Russia's Sberbank Has Record Profit as Lending Margin Widens

(Bloomberg) -- Sberbank PJSC has the Russian central bank to thank for a record profit in the first quarter.

The Russian state-controlled behemoth reported net income of 167.8 billion rubles ($2.98 billion), beating estimates of 159 billion rubles by 10 analysts surveyed by Bloomberg. Earnings were boosted by a stronger net interest margin as the Russian central bank moved slowly to bring down borrowing costs. It was the third record profit in the last five quarters.

Russia's Sberbank Has Record Profit as Lending Margin Widens

Sberbank Chief Executive Officer Herman Gref said last week the bank is on track for another year of record profit in 2017 as the economy limps out of its longest recession in two decades. Central bank rate cuts, which are set to continue after inflation slowed sooner than expected, won’t start squeezing margins until next year, he said.

“With the economic recovery, Sberbank should enjoy lending growth, and it should maintain strong margins at least until the second half,” Natalia Berezina, a banking analyst at UralSib Financial Corp., said by phone. “They came out ahead of expectations this quarter and even if going forward every quarter’s not a new record, they will continue to keep investors happy.”

Sberbank’s net interest margin, which measures the difference between income from lending and the cost of funding, rose to 5.8 percent in the first quarter, up from 5.3 percent a year earlier. A gradual decrease in the central bank rate can help boost the margin for a time by lowering the cost of funding.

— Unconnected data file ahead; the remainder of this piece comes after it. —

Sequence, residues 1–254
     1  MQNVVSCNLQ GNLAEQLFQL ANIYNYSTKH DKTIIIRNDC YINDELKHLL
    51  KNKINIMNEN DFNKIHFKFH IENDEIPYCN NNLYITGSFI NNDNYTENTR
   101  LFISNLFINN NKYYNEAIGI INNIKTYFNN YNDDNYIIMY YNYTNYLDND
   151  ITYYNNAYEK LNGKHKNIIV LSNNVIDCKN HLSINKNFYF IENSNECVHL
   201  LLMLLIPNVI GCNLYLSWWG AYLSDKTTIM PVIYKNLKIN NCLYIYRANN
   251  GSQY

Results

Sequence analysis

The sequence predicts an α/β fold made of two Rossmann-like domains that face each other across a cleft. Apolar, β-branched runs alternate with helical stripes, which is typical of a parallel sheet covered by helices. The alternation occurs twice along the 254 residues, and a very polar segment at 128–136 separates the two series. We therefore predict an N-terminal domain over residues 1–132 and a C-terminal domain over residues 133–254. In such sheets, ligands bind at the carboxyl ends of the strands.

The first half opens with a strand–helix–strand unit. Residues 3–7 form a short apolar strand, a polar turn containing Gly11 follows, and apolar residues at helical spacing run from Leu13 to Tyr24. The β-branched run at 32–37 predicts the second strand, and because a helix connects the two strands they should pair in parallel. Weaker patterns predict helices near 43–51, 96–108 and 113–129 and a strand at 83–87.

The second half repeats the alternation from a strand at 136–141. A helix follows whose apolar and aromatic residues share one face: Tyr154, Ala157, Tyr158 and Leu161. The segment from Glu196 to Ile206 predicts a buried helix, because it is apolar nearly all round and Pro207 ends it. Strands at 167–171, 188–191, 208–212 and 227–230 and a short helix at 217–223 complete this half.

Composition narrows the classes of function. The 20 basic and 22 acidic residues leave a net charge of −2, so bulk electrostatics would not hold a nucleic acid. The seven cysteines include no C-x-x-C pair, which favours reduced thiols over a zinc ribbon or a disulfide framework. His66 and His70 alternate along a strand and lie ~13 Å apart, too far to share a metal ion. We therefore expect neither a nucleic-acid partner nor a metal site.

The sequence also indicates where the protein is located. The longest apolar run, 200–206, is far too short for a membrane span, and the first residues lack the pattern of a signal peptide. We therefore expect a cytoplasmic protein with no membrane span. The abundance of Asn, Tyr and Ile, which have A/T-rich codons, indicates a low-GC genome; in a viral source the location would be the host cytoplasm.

The pace of rate cuts may accelerate in the remainder of the year after the inflation rate slowed to 4 percent as of May 15, seven months earlier than the year-end target set by the central bank. The central bank surprised analysts at its last decision with a bigger cut than they had expected, decreasing the one-week auction rate to 9.25 percent from 9.75 percent. The next rates decision will be June 16.

Sberbank, which is subject to sanctions that restrict its access to international capital markets in response to the Ukraine crisis, saw its interest income decline by 7.7 percent from a year earlier to 566 billion rubles, while interest expenses fell by 20 percent to 229 billion rubles, helped by lower central bank rates.